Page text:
The institution of the Euro may have seemed like a work of genius as a surreptitious way of binding the nations of Europe more tightly together, but the experience has been a mixed blessing for some of them.
The problem with the set-up is exactly the fact that the nations are not bound together, with each one setting their own tax and spending policies. Priorities differ from nation to nation, and without any control over monetary matters, individual nations lack any incentive to delay gratification.
The German work ethic, while admirable, has not been adopted by other nations in the Euro zone, primarily the nation of Greece. And without the ability to adapt monetary policy to the spending level, or providing a stimulus when needed, the Greeks are trapped, hoisted by their own petard.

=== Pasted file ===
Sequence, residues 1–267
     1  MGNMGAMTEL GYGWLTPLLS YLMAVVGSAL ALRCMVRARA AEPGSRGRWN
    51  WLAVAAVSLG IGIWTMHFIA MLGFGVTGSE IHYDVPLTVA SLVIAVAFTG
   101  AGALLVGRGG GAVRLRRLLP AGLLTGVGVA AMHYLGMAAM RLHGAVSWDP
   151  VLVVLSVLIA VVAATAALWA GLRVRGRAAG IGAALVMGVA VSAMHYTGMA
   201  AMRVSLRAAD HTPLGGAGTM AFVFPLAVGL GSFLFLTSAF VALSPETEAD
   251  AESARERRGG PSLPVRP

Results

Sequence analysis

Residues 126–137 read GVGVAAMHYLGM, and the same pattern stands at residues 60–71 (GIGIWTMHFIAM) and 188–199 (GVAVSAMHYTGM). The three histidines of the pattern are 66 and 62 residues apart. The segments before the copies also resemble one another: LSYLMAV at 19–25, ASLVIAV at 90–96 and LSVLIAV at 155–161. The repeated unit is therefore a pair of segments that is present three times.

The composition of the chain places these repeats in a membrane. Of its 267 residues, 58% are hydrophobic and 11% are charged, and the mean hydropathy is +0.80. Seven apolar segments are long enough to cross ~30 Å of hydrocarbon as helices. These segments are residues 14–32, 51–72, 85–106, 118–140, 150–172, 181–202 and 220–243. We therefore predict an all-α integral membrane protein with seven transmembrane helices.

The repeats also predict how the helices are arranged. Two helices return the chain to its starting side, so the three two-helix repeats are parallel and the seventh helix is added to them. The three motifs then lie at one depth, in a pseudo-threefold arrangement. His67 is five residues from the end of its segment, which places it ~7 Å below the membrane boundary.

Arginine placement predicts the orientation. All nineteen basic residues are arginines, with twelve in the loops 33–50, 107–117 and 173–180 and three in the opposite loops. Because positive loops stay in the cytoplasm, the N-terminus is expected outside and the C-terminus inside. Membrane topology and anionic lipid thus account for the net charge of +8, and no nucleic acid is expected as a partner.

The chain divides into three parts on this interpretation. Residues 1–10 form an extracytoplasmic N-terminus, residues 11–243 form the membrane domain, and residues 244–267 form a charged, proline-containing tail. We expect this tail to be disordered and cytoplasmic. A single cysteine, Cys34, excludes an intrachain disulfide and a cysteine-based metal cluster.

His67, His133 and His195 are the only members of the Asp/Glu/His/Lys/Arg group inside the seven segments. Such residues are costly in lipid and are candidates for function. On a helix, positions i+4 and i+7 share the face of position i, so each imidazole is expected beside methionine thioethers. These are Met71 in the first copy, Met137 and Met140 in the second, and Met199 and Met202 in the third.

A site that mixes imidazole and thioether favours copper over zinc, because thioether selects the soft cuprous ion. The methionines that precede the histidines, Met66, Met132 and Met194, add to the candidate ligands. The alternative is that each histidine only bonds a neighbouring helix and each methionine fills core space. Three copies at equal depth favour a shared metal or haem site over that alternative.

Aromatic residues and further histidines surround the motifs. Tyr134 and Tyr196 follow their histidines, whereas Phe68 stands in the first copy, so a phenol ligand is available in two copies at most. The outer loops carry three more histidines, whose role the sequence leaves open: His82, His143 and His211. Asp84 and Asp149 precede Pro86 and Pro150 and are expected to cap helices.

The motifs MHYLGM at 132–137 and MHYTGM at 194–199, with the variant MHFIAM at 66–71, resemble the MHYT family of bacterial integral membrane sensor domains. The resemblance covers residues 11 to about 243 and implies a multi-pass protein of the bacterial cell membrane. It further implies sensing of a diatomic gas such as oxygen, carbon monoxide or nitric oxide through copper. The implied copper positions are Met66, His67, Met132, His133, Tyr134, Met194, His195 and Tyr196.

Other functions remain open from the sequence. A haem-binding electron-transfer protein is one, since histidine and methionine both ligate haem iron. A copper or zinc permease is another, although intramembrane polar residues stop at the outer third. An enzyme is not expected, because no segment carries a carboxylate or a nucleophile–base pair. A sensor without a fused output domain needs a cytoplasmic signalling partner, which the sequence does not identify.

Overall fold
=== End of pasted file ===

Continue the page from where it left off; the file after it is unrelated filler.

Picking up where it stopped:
Imposing German values on Greece will never work because the two peoples are not alike, and never will be. So what is the best solution to the current conundrum?
Inevitably, Greece must abandon the Euro and be allowed to sink or swim as a nation based on their own decisions. When Greece assumes responsibility for Greece, their attitude towards life, taxes and government policy will assume a more adult hue.
The departure should be executed as smoothly as possible to minimize unnecessary hardship on the other nations still using the Euro. That’s the best course of action for all concerned.